Amy Winehouse passed away. The internet is bubbling with tears, grief, anger and a multitude of conspiracy theories about what happened in her bedroom on that last evening: why and with whom. Amy Winehouse was a fascinating phenomenon. Apart of her fantastic voice and great songs, it’s the drama that engulfed her that captures the sociologist in me. “Crónica de una Muerte Anunciada” (Chronicle of a Death Foretold), the title of the Gabriel García Márquez novel captures perfectly a scary new social phenomenon: panem et circenses (bread and games).
Millions of people followed every step of Amy Winehouse’s life, the success, the sorry moments, the young girl unable to cope with success and celebrity status. Bloggers and twitterati had field days covering her drinking problems and severe drug addiction. Pictures and videos of Winehouse’s slow descent were shot around the planet. A youngster lost control, publicly, and millions of people were watching. Society as a whole failed to save Amy.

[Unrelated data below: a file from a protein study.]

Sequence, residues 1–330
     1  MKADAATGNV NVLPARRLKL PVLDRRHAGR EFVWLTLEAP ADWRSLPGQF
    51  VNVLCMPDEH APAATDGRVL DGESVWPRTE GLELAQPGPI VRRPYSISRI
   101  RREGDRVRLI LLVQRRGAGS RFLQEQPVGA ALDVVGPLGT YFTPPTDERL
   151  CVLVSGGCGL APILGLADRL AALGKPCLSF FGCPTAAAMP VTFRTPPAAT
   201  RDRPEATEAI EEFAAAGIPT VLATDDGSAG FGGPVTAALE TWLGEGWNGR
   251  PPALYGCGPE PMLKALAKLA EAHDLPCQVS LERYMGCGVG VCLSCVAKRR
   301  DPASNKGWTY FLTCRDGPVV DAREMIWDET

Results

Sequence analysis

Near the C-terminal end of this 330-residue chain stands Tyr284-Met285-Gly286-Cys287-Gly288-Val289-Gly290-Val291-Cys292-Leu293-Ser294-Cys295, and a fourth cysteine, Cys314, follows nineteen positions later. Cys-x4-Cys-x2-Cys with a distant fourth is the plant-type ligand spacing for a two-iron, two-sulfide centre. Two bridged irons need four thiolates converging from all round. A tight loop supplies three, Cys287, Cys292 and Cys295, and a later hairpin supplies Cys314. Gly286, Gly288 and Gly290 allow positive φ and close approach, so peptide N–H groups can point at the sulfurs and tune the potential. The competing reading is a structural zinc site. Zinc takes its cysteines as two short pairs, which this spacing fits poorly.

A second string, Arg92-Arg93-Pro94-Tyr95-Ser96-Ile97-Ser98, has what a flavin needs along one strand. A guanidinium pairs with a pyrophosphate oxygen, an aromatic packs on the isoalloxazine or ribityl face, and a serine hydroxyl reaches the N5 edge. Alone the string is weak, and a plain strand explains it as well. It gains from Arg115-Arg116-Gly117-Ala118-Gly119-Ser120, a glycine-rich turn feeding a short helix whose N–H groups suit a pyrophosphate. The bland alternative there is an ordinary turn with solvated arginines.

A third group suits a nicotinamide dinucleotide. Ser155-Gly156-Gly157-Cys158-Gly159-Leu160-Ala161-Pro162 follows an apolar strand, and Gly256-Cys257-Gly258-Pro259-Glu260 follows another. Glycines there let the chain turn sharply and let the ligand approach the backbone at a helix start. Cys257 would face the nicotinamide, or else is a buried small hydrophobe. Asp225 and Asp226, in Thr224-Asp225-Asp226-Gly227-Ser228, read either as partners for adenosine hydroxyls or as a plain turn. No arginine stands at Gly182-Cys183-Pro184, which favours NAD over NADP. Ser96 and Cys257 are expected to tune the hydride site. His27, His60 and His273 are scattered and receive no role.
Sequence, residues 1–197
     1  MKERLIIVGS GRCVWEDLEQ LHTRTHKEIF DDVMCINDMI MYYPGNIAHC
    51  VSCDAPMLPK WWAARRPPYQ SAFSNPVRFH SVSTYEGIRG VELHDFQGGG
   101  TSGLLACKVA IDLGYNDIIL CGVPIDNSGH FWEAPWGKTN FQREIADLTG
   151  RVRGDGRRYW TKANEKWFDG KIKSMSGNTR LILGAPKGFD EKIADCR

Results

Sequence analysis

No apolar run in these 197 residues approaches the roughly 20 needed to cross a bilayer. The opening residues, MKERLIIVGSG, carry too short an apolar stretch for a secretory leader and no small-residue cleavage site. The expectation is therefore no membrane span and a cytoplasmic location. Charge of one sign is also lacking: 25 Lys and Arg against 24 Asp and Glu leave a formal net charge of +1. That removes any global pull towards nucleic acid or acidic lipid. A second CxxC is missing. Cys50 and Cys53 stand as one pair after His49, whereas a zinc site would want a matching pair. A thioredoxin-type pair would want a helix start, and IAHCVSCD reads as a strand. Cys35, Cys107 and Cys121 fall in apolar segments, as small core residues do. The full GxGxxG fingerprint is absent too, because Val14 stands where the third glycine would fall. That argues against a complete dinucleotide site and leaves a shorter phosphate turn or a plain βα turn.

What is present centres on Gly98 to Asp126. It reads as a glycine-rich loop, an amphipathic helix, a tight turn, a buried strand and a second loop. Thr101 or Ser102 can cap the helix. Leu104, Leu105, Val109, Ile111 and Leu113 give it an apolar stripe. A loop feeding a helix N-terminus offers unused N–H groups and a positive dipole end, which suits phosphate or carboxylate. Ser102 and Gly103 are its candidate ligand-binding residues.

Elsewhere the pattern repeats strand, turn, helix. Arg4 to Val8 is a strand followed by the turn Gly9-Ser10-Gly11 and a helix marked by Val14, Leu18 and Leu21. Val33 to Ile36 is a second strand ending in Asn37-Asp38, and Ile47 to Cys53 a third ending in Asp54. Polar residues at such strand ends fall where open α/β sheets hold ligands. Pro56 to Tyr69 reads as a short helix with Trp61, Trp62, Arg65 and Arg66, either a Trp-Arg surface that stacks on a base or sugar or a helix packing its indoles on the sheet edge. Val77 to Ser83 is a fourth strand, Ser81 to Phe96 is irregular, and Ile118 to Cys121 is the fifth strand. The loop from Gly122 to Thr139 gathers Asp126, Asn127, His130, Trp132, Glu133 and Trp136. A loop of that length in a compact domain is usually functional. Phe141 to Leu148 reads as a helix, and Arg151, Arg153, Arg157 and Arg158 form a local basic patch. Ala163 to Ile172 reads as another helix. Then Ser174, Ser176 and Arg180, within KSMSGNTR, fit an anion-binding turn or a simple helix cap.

Panem et Circenses. We want our heroes to suffer and die miserably. We watched Amy – and others – battling till death. In old Rome, people watched their gladiator heroes go down. Two millennium of civilization only got the audience up from a couple of thousand to a couple of million.
We can be proud of ourselves.